FRANKFORT, Ky. — Six years ago, the Kentucky General Assembly created a framework for production of industrial hemp. Now the state is a hemp production leader, with around 26,000 acres planted this year alone.
But the growth of hemp and hemp processing in Kentucky under 2013 SB 50 and the 2014 U.S. Farm Bill has presented what Kentucky Agriculture Commissioner Ryan Quarles calls “growing pains,” with farmers and processors facing some uncertainty from both federal regulators and financial lenders.
Although the federal government no longer classifies hemp – a type of cannabis plant – as a controlled substance under federal law, it still regulates the sale of cannabis and cannabis-derived products such as the increasingly popular CBD (or cannabidiol). That has not changed according to the federal Food and Drug Administration, which stated on its website in July that only one CBD product (the epilepsy drug Epidiolex) had been approved by the FDA to date and that marketing of any other CBD product for therapeutic, health or food use is “currently illegal.”
Quarles said FDA oversight is the top issue facing hemp growers and processors, especially when it comes to any “consumable end product” like CBD which is often consumed as an edible or in drops under the tongue.
Quarles said Kentucky has been in talks with the FDA about hemp’s potential as food or other additive, but that uncertainties remain.
“We still like to remind all of our program participants … that this is still a crop that has risks involved,” he told the Interim Joint Committee on Agriculture today. “But the FDA is a very process-oriented organization, as you know, and so we want to make sure that they don’t regulate this business to death, that we educate them on the nutraceutical health care/health supplement side of the crop as well as other areas which are currently prohibited by law.”
Financial lending is another challenge for the hemp industry, said Quarles, who said a lot of banks are hesitant to provide loans to processors and growers. That has improved since hemp became a legal crop in 2018, but he said lenders — especially national banking institutions — are holding back.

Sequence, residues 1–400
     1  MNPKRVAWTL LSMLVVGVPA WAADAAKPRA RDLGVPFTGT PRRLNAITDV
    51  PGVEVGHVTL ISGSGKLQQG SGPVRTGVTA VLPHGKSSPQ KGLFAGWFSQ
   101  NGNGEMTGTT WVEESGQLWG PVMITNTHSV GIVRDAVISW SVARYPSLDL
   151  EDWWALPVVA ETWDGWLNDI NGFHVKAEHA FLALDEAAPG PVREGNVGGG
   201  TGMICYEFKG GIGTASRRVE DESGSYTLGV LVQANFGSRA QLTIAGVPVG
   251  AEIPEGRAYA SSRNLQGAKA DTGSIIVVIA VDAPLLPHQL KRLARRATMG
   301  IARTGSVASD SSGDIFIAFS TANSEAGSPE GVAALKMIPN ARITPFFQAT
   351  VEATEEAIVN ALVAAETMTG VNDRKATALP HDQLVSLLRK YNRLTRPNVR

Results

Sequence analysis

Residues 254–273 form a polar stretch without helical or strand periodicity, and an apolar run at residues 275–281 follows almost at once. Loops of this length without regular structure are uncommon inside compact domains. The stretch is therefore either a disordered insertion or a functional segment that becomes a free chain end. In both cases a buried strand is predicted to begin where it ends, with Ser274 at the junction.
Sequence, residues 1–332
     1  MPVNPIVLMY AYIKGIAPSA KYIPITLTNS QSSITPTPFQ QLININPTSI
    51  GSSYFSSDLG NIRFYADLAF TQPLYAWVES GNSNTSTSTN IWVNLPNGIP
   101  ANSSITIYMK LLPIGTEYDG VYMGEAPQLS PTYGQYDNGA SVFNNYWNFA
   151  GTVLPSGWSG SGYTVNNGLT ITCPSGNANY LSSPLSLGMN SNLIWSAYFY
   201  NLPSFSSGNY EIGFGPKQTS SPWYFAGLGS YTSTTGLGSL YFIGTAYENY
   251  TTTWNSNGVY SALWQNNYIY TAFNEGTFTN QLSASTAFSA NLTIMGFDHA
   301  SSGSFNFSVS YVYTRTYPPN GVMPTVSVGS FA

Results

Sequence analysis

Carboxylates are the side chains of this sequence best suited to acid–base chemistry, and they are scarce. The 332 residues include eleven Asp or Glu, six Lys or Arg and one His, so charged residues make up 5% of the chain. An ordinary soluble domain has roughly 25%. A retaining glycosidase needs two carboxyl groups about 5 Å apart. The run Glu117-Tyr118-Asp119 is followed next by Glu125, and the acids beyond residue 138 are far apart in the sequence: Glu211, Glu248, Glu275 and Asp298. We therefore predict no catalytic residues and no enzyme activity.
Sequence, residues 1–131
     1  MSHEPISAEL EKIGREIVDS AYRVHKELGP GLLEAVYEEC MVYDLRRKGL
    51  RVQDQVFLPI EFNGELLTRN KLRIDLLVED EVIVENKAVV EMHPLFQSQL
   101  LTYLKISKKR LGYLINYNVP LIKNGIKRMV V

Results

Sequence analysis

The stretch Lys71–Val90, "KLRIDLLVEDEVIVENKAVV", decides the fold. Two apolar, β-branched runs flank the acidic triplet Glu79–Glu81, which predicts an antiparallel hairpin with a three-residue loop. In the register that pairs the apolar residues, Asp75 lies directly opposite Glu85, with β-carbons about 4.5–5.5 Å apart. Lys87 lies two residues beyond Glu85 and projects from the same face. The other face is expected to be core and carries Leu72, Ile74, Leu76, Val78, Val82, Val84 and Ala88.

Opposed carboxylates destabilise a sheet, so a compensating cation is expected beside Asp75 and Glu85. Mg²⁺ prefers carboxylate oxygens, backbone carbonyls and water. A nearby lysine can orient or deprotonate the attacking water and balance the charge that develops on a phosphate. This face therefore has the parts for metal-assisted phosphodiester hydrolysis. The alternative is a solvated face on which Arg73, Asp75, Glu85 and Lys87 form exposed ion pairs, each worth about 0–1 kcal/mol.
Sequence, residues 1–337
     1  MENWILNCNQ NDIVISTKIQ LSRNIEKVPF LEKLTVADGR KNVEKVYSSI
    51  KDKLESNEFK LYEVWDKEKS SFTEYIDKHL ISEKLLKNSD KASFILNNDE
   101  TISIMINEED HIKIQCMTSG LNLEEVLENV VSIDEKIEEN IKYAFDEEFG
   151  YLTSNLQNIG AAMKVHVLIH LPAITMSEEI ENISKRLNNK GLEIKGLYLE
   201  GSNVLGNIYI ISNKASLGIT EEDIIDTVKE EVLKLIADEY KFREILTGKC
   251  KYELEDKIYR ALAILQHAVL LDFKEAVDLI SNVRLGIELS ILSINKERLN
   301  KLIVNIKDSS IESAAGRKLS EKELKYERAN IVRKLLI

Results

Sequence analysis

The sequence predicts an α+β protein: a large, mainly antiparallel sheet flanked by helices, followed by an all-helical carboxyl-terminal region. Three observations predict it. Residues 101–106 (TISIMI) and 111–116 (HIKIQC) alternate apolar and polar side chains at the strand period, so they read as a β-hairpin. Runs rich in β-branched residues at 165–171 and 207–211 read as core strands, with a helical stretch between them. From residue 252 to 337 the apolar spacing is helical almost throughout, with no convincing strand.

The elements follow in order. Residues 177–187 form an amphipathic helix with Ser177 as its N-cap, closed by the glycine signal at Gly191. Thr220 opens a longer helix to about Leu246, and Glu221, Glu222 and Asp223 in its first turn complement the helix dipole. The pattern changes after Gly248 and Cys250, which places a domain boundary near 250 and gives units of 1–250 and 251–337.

“We’re just trying to figure out what issues they have,” he told lawmakers. “A lot of these issues will have to be resolved in Washington, D.C.”
A lack of crop insurance options is another concern for growers, said Quarles. A handful of the state’s hemp growers elected for crop insurance coverage from a company called Whole Farm this year, he said, but he said he didn’t expect many farmers to use that product in 2020.
Quarles said it could take three or four years for the hemp industry to produce the data that insurers need to provide the type of coverage now available for corn and soybean crops.
“They need production data. We simply don’t have the data nationwide to say ‘this is what an average yield is,’” he told the committee.
Rep. Joe Graviss, D-Versailles, said he is aware of some cash flow and payment concerns from Kentuckians in the hemp industry. He asked Quarles how those concerns are being addressed, and Quarles emphasized a need for more access to financial lending.
“The inability of our legal hemp companies to go into a bank and have access to credit is an issue,” he said. “It’s disrupting business here in Kentucky.”
Senate Majority Floor Leader Damon Thayer, R-Georgetown, asked Quarles if any legislative changes regarding hemp are needed at the state level. He mentioned the possibility of a special legislative meeting on hemp before the start of the 2020 session to iron out any proposals before budget talks consume lawmakers’ time in February and March.
“There is a lot of bipartisan support for hemp, and we want to make sure we are prepared to send a message to growers and potential growers that we in Kentucky want to stay ahead of the curve,” said Thayer.
Nearly 1,000 Kentucky growers had a hand in this year’s crop – a record for hemp production since Kentucky began licensing hemp growers and handlers under the state’s Industrial Hemp Research Pilot Program in 2014.